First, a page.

MSHA gets OK to pursue shutdown of Massey mine
CHARLESTON, W.Va. -- A potentially groundbreaking lawsuit over Massey Energy safety practices apparently survived the company's initial legal challenge on Friday and is headed for a full hearing in early January, officials said.
U.S. Department of Labor officials are seeking a federal court injunction against Massey subsidiary Freedom Energy's Mine No. 1 in Pike County, Ky.
Lawyers for the department's Mine Safety and Health Administration are for the first time using more than 30-year-old enforcement authority in asking U.S. District Judge Amul Thapar to shut down the Freedom operation. MSHA inspectors and supervisors allege the mine has committed a "pattern of violations" that poses a "continuing hazard" to miners' health and safety.
Thapar did not immediately issue a formal ruling and said he would likely do so next week.
But the judge did appear to side with MSHA on two key legal points raised by Massey lawyers in the motion to have the case thrown out: Agency officials do not have to administratively put a mine under a "pattern of violations" status before seeking a court order under a separate section of law, and the court can consider citations that are still being appealed by the company in deciding whether to issue an injunction.
Since 1977, MSHA has had legal authority to take stepped up enforcement action against mine operators that commit a "pattern of violations." But MSHA has never successfully used that authority, and earlier this year lost a legal challenge to an effort to do so at another Massey mine.
Separate legal authority allows MSHA to seek a federal court injunction against mines with repeated violations and where miners are at a continuing risk.
MSHA had never used that authority either, but agency chief Joe Main launched the Freedom Energy case as part of an Obama administration crackdown following the deaths of 29 miners in an explosion April 5 at Massey's Upper Big Branch Mine in Raleigh County.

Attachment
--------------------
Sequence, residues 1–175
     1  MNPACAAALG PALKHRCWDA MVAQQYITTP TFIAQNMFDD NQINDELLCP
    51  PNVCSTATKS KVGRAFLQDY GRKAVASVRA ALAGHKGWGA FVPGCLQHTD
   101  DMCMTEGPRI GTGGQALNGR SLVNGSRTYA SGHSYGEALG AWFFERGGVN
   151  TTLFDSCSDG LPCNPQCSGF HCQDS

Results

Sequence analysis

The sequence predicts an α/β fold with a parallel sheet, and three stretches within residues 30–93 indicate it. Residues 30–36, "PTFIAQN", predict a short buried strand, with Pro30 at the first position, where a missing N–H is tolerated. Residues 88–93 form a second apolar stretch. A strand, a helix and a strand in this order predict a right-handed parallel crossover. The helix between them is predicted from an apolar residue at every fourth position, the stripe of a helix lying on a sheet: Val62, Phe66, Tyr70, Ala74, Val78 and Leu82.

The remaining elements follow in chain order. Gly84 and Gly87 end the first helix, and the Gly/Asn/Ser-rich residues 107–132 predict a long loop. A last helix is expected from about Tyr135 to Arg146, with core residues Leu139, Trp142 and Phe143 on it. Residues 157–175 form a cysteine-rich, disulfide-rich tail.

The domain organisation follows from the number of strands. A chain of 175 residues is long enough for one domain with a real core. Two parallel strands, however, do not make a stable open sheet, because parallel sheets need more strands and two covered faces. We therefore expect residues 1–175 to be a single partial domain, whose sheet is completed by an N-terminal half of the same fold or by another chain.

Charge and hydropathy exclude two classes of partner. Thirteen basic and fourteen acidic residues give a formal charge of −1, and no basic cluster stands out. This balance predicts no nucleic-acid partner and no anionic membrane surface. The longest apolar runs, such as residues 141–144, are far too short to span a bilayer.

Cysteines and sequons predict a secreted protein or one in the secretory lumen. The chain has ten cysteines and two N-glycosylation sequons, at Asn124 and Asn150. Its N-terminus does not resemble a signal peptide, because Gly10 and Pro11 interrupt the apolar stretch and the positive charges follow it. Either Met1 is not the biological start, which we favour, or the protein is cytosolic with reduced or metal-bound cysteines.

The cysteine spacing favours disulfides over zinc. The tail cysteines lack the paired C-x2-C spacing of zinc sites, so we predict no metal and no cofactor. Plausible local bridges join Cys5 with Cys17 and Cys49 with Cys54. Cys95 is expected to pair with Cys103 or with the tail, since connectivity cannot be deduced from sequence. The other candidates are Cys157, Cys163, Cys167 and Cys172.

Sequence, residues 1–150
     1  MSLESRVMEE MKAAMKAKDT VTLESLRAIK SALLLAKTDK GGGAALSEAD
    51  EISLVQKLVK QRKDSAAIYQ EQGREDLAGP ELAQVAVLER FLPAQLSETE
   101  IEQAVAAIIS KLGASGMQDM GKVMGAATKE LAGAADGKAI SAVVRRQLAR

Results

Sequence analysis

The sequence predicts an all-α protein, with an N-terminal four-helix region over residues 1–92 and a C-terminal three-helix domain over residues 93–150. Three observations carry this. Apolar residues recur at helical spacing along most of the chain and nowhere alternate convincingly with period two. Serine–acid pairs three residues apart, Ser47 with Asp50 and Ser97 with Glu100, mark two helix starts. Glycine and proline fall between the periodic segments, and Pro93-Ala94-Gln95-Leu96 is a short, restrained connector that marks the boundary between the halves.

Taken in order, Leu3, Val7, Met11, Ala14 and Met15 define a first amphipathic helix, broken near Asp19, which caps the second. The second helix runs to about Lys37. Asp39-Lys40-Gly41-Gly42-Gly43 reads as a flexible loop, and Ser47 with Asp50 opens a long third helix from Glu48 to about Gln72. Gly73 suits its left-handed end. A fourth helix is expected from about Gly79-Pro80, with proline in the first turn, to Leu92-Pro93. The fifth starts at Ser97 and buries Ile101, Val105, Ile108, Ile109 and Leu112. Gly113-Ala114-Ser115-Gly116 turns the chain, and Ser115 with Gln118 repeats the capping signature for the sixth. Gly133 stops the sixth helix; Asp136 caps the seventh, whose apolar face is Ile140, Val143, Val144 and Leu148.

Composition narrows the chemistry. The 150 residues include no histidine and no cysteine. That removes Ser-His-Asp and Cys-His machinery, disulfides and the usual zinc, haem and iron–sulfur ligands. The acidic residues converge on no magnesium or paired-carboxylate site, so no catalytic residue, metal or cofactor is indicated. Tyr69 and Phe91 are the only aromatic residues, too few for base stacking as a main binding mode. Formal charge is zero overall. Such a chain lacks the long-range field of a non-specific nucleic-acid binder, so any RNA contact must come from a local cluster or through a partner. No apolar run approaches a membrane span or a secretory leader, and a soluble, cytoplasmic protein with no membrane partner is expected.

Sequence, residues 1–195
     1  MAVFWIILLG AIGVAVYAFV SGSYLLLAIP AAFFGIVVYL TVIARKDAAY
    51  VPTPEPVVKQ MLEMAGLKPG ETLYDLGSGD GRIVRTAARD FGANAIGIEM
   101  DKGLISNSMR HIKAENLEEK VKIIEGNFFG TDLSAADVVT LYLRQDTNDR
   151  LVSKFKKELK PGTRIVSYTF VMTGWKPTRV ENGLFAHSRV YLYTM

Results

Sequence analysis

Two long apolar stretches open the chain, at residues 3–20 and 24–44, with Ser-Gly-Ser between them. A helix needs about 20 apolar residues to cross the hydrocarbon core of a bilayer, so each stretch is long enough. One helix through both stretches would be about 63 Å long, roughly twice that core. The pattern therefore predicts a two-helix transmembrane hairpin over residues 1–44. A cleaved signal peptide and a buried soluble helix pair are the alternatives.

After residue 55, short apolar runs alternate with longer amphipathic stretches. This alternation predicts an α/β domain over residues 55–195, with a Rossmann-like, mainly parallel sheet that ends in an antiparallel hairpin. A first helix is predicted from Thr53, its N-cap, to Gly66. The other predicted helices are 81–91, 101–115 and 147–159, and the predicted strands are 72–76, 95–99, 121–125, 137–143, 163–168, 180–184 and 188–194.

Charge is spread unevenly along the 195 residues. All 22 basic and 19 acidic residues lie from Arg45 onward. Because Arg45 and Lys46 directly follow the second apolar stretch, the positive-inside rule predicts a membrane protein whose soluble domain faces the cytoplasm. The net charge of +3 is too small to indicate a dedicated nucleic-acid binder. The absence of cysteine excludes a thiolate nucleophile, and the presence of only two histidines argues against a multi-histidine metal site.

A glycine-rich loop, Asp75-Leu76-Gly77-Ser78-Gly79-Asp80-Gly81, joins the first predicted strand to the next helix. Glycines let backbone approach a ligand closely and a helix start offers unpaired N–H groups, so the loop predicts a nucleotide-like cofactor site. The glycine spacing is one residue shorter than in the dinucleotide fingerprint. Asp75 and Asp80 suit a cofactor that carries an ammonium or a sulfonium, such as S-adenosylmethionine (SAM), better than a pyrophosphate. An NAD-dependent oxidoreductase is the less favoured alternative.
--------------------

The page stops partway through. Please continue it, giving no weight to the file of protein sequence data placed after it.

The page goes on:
During Friday's hearing in Covington, Ky., Thapar also told government lawyers to amend their complaint and provide additional information to address Massey's announcement -- made after the original suit was filed -- that it would cease coal production at Freedom Energy and close the mine.
"I'm pleased the judge viewed the statute the way we viewed the statute, but this was just a motion to dismiss," said Solicitor of Labor Patricia Smith. "We're going to go forward with the evidentiary hearing. This is not an action that is over, so I'm not declaring victory."
Shane Harvey, Massey's general counsel, said the company is pleased the court "is taking a hard look at these important issues."
"We're hesitant to describe the hearing as a 'victory' for any party, but we are pleased that the court is more clearly defining the issues at hand," Harvey said. "Moreover, in any event, we are committed to closing the mine in a safe fashion and open to working with MSHA in doing so."
When MSHA filed the initial suit in early November, the agency cited nearly 2,000 violations over the last two years at Freedom Energy, and agency inspectors alleged the company had failed to clear the mine of excessive coal dust, not properly controlled the mine roof, ignored requirements for testing and maintaining electrical equipment, and not effectively ventilating the mine.
Smith said that MSHA remains concerned about the safety of miners who will continue to work helping Massey close the mine, especially in light of deteriorating roof conditions and repeated roof falls.
"Whether those miners are in that mine running coal or they're in that mine taking out equipment, they could still have a roof fall," Smith said.
Reach Ken Ward Jr. at email@example.com or 304-348-1702.